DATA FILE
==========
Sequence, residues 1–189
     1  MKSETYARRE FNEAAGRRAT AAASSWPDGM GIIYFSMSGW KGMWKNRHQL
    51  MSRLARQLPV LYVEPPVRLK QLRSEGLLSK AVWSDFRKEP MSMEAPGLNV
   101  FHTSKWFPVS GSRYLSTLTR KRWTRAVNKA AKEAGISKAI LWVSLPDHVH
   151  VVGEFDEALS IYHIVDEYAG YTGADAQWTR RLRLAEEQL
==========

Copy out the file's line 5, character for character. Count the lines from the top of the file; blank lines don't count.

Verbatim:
   151  VVGEFDEALS IYHIVDEYAG YTGADAQWTR RLRLAEEQL